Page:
French aerospace equipment maker Zodiac is selling its marine business to boost its aerospace activity. This process may see it taking over one of the three European factories for which Airbus is seeking partnership arrangements under its Power8 reorganization plan. With the same goal in mind, Zodiac has strengthened the family-owned group’s senior management team.
Olivier Zarrouati, who since September 2006 has been CEO of Zodiac’s three aerospace businesses, told Aviation International News that last year’s postponement of A380 deliveries came at the ramping-up phase for Zodiac and had only a minor impact on its business, representing less than 1.5 percent of its organic growth. Zodiac supplies the A380’s primary electrical distribution system which, according to the company, in no way contributed to the A380’s serious technical delays.
The sale to the Carlyle investment fund of a 72-percent shareholding in Zodiac’s marine business for ?850 million ($1.1 billion) will reduce the group’s debts and
enable it to finance further aerospace acquisitions. Executive board chairman and CEO Jean-Louis Gerondeau confirmed Zodiac has “several operations in the pipeline” which will help make up for the loss of the marine division’s revenues. Zodiac Marine in the last full year accounted for 21 percent of sales, 25 percent of its operational profit and 15 percent of its debt.
Zodiac’s aim is to increase its market share in aerospace activity, especially in cabin interiors, and it has its sights set on acquiring “at least two competitors” in this sector. It is also engaged in discussions for Airbus’s Laupheim, Germany cabin interiors factory for which the aircraft manufacturer is seeking a partnership.
Founded in 1896 to develop airships and aircraft, family-owned Zodiac has become one of France’s leading equipment makers. Since 1983, when it was first listed on the stock exchange, the company, in which descendants of the original shareholders are still active, has seen the value of its shares multiply by 100. It has acquired or merged with 30 or so large and small specialist companies to become the world’s sixth-ranking aircraft equipment maker. Almost 60 percent of its activity is outside Europe. Since 1974, when Gerondeau took over, its employee roster has grown from 525 to just under 17,000, roughly half of whom work in France and most of the remainder in the U.S.
In addition to the A380, Zodiac is also involved in the Boeing 787 program, as well as the Bombardier Challenger 300, Embraer 170/190 family, the Dassault Falcon 7X, the Airbus A400M military transport and Sukhoi’s Superjet 100. According to Zarrouati, the success of the 787 outweighs the delays to the A380 program. Sales in the six months to Feb. 28, 2007, the first half of the group’s September 2006-August 2007 financial year, show 15.2-percent growth in its three aerospace businesses.
AeroSafety Systems, Zodiac’s supplier of emergency evacuation slides, helicopter floats, emergency arresting systems, protection and parachute systems, flexible fuel cells and de-icing systems, wiring protection and electrical interconnect systems, showed 12.2 percent growth. The Aircraft Systems division, which supplies high-tech equipment and systems for essential flight functions, reported a 6.6-percent hike, while the Cabin Interiors business (cabin equipment and seats, and integrated water and waste systems), increased by 21.7 percent. Consolidated first-half revenues grew 11.9 percent to ?1.18 billion ($1.6 billion) bringing a 19.4-percent hike in net profits to ?80.3 million ($107 million). Zodiac’s annual growth in profits over the last 15 years has averaged 14 to 15 percent.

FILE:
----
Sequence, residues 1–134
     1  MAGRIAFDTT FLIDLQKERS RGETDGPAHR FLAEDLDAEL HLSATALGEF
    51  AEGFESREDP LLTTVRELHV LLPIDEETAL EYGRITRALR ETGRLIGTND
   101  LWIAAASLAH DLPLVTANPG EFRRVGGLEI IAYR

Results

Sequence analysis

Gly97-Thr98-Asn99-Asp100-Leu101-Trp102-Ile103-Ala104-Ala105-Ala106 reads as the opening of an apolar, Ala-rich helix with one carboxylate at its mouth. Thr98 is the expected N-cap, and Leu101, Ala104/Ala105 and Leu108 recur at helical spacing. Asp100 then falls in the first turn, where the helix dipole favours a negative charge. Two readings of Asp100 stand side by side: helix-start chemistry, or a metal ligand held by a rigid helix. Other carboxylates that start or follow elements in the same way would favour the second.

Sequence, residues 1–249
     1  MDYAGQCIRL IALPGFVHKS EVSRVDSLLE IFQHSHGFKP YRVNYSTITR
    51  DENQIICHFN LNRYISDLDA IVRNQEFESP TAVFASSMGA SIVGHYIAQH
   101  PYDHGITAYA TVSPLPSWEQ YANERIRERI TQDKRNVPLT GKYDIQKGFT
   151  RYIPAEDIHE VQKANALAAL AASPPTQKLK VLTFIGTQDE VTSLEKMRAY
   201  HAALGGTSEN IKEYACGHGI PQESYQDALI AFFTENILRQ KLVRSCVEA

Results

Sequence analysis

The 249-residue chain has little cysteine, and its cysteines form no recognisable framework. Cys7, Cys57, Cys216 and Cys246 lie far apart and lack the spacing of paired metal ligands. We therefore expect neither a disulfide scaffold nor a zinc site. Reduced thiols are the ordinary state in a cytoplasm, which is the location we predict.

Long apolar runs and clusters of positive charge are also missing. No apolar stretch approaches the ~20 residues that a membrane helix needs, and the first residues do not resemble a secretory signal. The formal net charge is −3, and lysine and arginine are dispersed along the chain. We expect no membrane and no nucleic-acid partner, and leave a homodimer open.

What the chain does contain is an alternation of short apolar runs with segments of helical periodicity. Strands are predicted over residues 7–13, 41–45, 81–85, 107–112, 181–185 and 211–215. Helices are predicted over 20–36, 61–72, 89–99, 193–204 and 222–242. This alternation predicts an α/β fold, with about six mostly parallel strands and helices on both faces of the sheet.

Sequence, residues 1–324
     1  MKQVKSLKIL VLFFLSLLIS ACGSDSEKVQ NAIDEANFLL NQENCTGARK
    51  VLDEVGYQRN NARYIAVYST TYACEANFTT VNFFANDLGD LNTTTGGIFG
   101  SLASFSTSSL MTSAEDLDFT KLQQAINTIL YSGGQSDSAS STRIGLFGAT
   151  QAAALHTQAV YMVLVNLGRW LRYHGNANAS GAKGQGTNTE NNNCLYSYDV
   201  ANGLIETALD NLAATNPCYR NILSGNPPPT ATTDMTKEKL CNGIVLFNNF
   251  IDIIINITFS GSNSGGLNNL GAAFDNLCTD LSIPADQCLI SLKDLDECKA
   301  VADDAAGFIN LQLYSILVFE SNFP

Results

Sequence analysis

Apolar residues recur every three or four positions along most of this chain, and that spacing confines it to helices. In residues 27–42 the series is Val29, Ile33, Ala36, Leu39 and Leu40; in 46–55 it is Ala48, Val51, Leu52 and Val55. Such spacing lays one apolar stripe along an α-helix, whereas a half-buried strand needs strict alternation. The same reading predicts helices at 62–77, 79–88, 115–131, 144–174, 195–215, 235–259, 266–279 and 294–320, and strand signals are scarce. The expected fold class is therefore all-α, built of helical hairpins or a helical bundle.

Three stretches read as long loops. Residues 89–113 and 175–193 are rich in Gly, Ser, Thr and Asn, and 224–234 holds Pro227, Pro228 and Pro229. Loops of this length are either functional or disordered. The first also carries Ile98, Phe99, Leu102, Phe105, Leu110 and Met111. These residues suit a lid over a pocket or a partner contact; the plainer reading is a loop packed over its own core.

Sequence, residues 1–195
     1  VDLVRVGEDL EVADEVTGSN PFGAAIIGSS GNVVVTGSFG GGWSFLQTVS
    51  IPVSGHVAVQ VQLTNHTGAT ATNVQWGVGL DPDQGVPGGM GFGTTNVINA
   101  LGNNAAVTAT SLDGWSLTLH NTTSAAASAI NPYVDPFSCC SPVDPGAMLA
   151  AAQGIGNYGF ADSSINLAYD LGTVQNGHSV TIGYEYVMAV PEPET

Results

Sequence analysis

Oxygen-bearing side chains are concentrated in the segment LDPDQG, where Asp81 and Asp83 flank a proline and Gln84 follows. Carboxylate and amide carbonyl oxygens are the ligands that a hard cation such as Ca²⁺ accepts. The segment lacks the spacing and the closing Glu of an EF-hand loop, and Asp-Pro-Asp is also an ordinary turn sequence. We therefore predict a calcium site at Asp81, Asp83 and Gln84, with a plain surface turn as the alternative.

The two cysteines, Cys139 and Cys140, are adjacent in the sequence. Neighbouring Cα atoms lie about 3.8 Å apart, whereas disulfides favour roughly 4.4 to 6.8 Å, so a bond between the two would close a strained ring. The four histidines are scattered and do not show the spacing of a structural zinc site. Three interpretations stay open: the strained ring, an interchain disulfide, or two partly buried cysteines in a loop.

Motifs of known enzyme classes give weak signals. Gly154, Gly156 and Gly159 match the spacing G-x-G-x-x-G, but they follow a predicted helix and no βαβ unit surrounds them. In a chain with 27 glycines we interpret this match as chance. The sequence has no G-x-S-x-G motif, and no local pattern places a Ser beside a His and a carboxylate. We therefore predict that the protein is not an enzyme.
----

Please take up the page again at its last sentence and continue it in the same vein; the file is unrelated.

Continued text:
Zarrouati said that after acquiring six companies in two years–including California-based C&D Aerospace bought in July 2005 for $600 million–Zodiac’s management called a slowdown in acquisitions to better integrate them into the group, and counting on the upswing in the aerospace market, concentrate on organic growth as the main element in Zodiac’s development. Such a move was also necessary to reduce its indebtedness, which then represented about 150 percent of shareholder equity, to 100 percent within two years.
According to Zarrouati, the debt ratio–a necessary element to make further acquisitions–is falling. “The purchase of C&D Aerospace was a significant move,” he said. “We are continuing to recover our financial capacity and will be on the road again after this has been achieved.” Meanwhile, despite press speculation, he insisted that merger with a bigger company is not on Zodiac’s agenda.
The 2005 C&D purchase also extended the group’s footprint in the low-cost, strong-demand dollar zone, which is part of its growth strategy to contain the impact of the weak U.S. currency. It currently conducts about half its activity in U.S. dollars.
Nonetheless Zarrouati said that Zodiac’s profits continue to be affected by the euro/dollar exchange rate imbalance. “A rate change by one U.S. cent means a $3.5 to $4 million loss in a full year,” he explained. “We are hurt but it is also positive that we do not have hedge coverage [against exchange rate fluctuation] because it means the group is robust and we are not under threat when this coverage ends and profits disappear.”